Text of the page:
Will Web Services Really Transform Collaboration?

The benefits of Web services will be profound, but not easily or quickly obtained. Building application-to-application links will require not only excellent technologists but skilled managers and leaders as well.

For corporate computing, the big story of the new millennium has been Web services. As the excitement around the Y2K “crisis” and e-commerce business models faded just after the turn of the century, enthusiasm started to build for this technology, which is a set of tools that make it easier for applications to talk to each other. In other words, Web services install the plumbing required for information systems to interact without human involvement. An important aspect of Web services is that they work as well between companies as within them. Just as the Internet and the World Wide Web led to a huge change in how people interact with distant applications (for example, the applications at Amazon.com), so the Internet and Web services hold out the promise of drastically changing how distant applications interact with each other. See sidebar

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But how real is this promise? Will Web services be a truly disruptive innovation that revolutionizes how companies interact? Or will they turn out to be the latest in a series of technologies, developed and promoted by the highly entrepreneurial IT industries, that fizzle when they hit the real world? (You may remember CASE tools and Internet “push” technology.1)

The answer is that they will be neither. They will be highly useful, but not quickly or obviously disruptive; in fact, they will reinforce existing relationships rather than catalyze new ones.

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References

1. Computer-aided software-engineering (CASE) tools promised to automatically convert a software designer’s vision into lines of code. Internet “push” technologies like PointCast sent information to users rather than waiting for them to request it. Both were greeted with great enthusiasm; neither lasted.

2. J. Hagel and J.S. Brown, “Your Next IT Strategy,” Harvard Business Review 79 (October 2001): 105–113.

3. For a sober discussion of the Internet’s impact on competition and industry structure, see M.E. Porter, “Strategy and the Internet,” Harvard Business Review 79 (October 2001): 63.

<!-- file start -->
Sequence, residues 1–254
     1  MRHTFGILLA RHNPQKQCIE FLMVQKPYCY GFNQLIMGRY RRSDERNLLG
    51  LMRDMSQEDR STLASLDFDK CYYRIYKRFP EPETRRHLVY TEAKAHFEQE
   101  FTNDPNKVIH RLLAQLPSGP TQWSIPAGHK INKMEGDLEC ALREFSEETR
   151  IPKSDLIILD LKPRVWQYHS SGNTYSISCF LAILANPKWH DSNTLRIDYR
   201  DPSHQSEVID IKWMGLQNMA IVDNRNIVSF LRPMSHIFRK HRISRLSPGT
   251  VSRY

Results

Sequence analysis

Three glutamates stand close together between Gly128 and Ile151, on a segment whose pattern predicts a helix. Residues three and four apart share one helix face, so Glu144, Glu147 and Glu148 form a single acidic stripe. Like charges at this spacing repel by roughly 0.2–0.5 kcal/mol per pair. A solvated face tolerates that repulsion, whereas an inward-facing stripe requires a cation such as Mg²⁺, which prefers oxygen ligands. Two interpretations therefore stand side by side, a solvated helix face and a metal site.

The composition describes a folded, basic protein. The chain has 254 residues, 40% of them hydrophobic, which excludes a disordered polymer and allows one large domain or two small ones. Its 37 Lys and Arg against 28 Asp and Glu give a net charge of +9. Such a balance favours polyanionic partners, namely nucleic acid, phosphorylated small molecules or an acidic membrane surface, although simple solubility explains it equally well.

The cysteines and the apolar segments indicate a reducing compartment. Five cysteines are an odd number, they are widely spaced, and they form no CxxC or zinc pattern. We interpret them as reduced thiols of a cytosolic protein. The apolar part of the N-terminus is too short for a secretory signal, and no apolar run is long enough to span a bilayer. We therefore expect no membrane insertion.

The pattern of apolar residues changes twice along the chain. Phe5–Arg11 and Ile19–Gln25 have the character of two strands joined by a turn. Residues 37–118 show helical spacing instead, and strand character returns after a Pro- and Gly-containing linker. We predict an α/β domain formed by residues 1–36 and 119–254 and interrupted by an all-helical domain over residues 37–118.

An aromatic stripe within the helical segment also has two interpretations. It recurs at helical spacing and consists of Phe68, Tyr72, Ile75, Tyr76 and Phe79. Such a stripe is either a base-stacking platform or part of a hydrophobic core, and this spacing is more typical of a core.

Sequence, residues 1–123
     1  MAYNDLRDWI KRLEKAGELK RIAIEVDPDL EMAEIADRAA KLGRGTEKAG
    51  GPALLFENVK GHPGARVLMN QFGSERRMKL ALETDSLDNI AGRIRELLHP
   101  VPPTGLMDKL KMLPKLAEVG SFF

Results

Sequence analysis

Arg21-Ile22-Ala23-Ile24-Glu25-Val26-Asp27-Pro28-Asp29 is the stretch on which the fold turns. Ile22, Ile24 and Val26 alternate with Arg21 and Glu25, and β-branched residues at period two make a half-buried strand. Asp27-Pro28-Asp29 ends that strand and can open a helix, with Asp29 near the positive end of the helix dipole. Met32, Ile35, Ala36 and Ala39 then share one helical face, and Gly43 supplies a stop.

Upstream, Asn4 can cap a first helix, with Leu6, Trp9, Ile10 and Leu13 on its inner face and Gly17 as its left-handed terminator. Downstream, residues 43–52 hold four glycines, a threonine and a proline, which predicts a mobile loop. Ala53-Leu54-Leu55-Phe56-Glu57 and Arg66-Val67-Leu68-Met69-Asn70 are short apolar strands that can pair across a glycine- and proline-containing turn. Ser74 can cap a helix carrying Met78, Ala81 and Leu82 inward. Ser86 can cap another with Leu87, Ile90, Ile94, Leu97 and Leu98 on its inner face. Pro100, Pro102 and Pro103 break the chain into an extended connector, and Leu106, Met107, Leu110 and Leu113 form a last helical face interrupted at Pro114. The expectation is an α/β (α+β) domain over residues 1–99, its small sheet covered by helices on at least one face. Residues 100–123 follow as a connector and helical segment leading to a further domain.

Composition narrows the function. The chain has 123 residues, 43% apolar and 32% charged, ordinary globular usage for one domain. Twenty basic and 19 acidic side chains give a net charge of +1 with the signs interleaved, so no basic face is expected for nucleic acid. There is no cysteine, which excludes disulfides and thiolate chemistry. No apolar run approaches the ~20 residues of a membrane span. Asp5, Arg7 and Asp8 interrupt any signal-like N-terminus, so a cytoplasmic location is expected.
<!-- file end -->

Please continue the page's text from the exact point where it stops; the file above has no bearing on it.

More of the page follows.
4. See X. Chen, J. Funk, S. Madnick and R. Wang, “Corporate Household Data: Research Directions” (proceedings of the Americas Conference on Information Systems, Boston, August 2001); and M. Hansen, S. Madnick and M. Siegel, “Data Integration Using Web Services,” working paper 4406-02, MIT Sloan School of Management, Cambridge, Massachusetts, May 2002.

5. For a more complete description of this case, see A. McAfee and M. Otten, “IBM: Ordering Midrange Computers in Europe,” Harvard Business School case no. 605–022 (Boston: Harvard Business School Publishing, 1993).

6. Wal-Mart Stores Inc., for example, has mandated that its suppliers move their existing electronic-data-interchange transmissions to the Internet.

7. See A. McAfee, “When Too Much IT Knowledge Is a Dangerous Thing,” MIT Sloan Management Review 44, no. 2 (winter 2003): 83–89.

8. The strongest statement of this argument comes from Nick Carr: N.G. Carr, “IT Doesn’t Matter,” Harvard Business Review 81 (2003): 41–49; and N.G. Carr, “Does IT Matter?” (Boston: HBS Press, 2004).

9. L. Hitt, “Information Technology and Firm Boundaries: Evidence From Panel Data,” Information Systems Research 10, no. 2 (1999): 134–149; and E. Brynjolfsson, T. Malone, V. Gurbaxani and A. Kambil, “Does Information Technology Lead to Smaller Firms?” Management Science 40, no. 12: 1628–1644. See also an article showing the ease with which even judgment-based work can migrate to India: K. Boo, “The Best Job in Town: The Americanization of Chenmai,” New Yorker, July 5, 2004, 56.

10. A. McAfee, “The Napsterization of B2B,” Harvard Business Review 78, no. 6 (November–December 2000): 18–19.